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    Consumers keep companies accountable

    While consumers are aware that their behaviour can make changes, they still hold businesses accountable for a whole host of sustainability issues.

    Almost half (48%) of global consumers believe companies are responsible for increasing the amount of packaging that is recycled.

    Only a quarter (25%) believe responsibility lies with consumers and just a fifth (20%) with governments.

    This research comes from the new Mintel Sustainability Barometer.

    Additionally, 41% of global consumers believe that companies are responsible for reducing emissions from air transport, compared to 36% who believe it’s up to governments and 12% who think it’s the responsibility of consumers.

    “Given that the International Energy Agency (IEA) believes that over half of the cumulative emissions reductions required to reach zero are linked to consumer choices, one might hope consumers accept more responsibility; however, our research shows consumers say companies are most responsible,” says Senior Trends Consultant at Mintel Consulting, Richard Cope.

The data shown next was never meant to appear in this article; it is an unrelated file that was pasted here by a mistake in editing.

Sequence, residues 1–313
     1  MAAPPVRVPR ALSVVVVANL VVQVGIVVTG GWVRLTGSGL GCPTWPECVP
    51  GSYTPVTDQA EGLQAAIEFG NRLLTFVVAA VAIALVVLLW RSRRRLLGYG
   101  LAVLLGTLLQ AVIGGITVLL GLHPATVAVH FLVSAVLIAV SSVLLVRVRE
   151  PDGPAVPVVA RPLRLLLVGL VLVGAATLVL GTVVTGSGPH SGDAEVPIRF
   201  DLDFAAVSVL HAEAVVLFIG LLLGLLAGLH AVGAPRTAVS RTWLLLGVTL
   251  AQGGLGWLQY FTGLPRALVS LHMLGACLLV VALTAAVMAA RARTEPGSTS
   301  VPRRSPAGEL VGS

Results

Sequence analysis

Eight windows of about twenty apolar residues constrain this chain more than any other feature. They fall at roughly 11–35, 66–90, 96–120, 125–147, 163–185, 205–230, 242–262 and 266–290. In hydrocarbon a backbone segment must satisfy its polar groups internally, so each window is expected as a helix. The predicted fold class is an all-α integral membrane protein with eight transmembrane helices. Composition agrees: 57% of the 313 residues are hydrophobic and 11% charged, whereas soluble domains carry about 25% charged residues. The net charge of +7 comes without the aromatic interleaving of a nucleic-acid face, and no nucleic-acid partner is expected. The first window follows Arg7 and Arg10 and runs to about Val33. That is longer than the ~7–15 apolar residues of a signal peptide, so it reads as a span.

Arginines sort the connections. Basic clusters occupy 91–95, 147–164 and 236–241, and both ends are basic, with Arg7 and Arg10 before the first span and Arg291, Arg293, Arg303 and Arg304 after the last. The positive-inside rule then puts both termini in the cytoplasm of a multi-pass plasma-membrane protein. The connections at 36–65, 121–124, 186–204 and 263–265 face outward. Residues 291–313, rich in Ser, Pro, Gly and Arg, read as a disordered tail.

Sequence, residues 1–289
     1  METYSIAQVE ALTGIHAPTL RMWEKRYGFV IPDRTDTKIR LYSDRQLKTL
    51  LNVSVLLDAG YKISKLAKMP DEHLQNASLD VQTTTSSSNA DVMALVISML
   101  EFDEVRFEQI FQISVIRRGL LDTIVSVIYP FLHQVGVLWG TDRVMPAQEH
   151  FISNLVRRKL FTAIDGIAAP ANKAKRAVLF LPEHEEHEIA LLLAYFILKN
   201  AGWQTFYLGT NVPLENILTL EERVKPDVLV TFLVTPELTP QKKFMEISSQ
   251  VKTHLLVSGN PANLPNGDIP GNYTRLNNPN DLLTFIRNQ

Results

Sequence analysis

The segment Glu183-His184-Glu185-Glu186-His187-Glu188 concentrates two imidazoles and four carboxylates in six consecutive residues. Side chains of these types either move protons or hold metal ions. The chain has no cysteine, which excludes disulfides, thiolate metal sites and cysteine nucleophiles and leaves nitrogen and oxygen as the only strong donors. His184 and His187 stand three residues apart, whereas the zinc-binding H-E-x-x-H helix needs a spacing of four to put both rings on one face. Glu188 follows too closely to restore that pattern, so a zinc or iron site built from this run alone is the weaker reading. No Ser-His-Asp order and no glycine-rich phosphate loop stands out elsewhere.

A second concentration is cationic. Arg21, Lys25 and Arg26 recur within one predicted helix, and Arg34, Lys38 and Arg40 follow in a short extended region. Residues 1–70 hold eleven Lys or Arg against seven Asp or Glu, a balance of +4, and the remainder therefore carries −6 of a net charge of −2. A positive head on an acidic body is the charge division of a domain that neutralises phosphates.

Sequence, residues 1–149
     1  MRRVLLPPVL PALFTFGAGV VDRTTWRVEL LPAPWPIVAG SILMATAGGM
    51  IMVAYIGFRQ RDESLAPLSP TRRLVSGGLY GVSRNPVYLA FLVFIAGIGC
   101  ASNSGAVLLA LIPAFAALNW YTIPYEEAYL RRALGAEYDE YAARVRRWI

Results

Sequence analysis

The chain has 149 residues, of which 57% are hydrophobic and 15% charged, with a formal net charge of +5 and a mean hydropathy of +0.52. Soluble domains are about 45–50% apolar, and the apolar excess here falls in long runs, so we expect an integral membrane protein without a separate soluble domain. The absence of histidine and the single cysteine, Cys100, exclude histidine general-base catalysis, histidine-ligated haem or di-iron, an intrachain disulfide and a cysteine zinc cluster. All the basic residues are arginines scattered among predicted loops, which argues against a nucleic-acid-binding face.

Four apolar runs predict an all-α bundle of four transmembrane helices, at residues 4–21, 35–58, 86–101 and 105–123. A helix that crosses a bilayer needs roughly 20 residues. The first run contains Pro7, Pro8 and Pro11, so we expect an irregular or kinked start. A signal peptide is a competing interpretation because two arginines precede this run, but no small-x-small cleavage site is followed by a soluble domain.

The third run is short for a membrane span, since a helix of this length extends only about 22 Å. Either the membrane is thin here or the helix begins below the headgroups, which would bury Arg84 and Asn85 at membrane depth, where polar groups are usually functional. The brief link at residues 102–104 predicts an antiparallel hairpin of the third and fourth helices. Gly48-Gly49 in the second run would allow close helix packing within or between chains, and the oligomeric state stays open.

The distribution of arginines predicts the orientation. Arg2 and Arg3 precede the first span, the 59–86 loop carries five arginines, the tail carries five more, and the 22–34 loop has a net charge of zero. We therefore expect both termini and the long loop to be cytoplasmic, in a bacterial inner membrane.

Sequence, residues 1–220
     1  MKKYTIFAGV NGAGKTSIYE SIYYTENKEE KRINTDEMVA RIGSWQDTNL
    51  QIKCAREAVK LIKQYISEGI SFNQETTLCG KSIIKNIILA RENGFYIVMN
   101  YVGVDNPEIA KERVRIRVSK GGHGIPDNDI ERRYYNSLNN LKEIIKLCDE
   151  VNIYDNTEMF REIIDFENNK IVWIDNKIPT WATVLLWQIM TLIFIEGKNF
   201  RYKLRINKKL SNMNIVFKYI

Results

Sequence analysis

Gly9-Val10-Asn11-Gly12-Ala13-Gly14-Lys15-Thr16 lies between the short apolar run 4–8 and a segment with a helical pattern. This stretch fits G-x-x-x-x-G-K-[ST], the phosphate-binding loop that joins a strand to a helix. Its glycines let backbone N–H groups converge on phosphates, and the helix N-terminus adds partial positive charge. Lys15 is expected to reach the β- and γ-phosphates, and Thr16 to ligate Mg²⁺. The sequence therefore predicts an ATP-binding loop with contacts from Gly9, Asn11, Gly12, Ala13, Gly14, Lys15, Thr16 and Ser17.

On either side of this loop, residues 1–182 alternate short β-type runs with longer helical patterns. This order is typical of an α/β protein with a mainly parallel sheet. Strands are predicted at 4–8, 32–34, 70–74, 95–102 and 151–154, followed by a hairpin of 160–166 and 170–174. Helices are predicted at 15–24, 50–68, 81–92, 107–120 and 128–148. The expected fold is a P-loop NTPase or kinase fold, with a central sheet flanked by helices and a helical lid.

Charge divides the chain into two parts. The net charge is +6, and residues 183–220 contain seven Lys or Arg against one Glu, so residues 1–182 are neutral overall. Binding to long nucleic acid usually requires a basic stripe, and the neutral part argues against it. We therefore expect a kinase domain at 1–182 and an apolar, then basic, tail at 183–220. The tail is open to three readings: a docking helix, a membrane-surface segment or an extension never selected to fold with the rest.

“There are several possible reasons why consumers put the onus on companies. More effective activism, for example promotes the belief that companies are to blame – whilst the sheer scale of the problem demands a response that feels beyond the capabilities of mere consumers.”

    Closing the sustainability gap

    Mr Cope continues, “Educating consumers about sustainability should help increase their engagement as there seems to be a sustainability gap – a striking difference between consumers’ experience with the cause of climate change and the reality of where the responsibilities lie.”

    He suggests that companies take time asserting their credentials, “but also in explaining what they view as the real societal problems – as well as their main business challenges. Messaging and campaigns will be most impactful if brands coordinate with government efforts or embrace the zeitgeist for environmental awakening documentaries like Seaspiracy and Kiss the Ground”.

    The full report is available to download here.

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